The second, much more likely, reason is that Kimberlin et al see in the world a mirror of their own conspiratorial thought. They coordinate their criminal enterprise because they still see a representative of the Man behind every suit. They assume their ideological opponents must belong to similarly organized social construct, such that an attack against one Man constitutes an attack against the Man himself. The transcipts of their secret communications—by which I mean, “the images of their Twitter accounts,” many of which can be found here—leave the impression that Kimberlin and company consider themselves to be the last guardians of a failed Left. Who they decide to harass and SWAT seems less a function of coherent plan than the actions of a paranoid ideology. They believe that harassing a lawyer who helped a friend fight a case (Worthing) and having SWAT teams sent to the houses of innocent men (Worthing and Frey) constitute victories against the Man and the System, two entities that only exist as a function of their own paranoiad thought.
But whether Kimberlin and Rauhauser and Brynaert belong to an amorphous group of aggreived childen lashing out at their parental proxies, or whether they represent a paranoid organization devoted to using any means necessary to silence critics—both real and imagined—it is thunderously obvious that they ought not be allowed to set the terms of the debate. Because this is not about politics. They shouldn’t be plauded by those who share their specific aims nor meet with the silent approval of those who support their general goals. They should be shamed, because that’s what this should be about: shaming people who have proven themselves willing to escalate when escalation suits their needs. As the number of avenues available to them dwindle in number and efficacy, it should surprise no one that their tantrums are increasingly taking the form of sending SWAT teams to the houses of their critics.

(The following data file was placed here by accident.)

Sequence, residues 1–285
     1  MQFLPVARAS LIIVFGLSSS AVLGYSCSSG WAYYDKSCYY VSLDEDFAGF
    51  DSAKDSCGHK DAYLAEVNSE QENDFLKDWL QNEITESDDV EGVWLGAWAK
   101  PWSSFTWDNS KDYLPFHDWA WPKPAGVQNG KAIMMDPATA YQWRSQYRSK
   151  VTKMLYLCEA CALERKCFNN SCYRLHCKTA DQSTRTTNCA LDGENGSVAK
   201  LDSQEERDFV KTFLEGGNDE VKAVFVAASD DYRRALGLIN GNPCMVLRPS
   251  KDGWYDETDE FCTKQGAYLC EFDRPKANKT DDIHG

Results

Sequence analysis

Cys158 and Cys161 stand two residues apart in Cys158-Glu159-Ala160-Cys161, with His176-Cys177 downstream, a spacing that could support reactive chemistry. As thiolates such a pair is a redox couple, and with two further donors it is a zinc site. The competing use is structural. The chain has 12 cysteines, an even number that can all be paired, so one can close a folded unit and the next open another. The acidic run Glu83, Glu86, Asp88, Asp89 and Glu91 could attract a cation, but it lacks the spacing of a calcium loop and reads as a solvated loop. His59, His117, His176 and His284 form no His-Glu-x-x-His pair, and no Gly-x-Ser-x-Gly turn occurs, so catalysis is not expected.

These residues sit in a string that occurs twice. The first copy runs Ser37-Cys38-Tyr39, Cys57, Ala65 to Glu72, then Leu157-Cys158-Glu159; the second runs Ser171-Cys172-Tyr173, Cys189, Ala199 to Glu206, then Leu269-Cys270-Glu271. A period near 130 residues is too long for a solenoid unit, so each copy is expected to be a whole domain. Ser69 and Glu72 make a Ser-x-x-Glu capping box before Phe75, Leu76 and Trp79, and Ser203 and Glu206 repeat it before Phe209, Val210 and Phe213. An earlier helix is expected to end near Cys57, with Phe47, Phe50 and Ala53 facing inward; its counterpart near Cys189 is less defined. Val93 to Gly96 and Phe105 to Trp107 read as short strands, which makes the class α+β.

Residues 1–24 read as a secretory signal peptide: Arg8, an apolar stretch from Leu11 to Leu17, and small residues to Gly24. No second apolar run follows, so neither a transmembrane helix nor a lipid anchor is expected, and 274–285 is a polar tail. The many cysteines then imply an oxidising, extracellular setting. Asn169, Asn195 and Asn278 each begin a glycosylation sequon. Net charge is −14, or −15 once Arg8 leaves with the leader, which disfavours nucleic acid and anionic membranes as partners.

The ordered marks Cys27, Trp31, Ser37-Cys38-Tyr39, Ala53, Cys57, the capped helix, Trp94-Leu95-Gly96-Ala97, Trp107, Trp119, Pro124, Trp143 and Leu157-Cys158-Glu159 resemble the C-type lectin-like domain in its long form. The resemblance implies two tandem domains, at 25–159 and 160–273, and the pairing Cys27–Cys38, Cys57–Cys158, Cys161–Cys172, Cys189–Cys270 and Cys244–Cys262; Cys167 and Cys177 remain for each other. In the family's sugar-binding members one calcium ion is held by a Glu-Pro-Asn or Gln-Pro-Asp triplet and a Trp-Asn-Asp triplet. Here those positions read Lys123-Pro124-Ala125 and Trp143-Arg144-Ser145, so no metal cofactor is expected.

What can we do about Kimberlin and company? Weeks of attention at the hands of conservative bloggers indicates that sunlight isn’t an effective disinfectant here, as Kimberlin et al seem to adore the attention of the court, if only for the money they can bleed from those they baselessly attack. Shame only works so long as they remain in the sun, but criticism drives them back to their impenetrable Twitter dens, where they’re free to continue conspiring 140 characters at a time. Coordinated action could vindicate their paranoia and lead to further escalation of the sort already witnessed or of a tactical variety. (I’ll leave imagining the unimaginable to the kind of experts who respond to legal difficulties with SWAT teams.) So what can we do about Kimberlin and his ilk?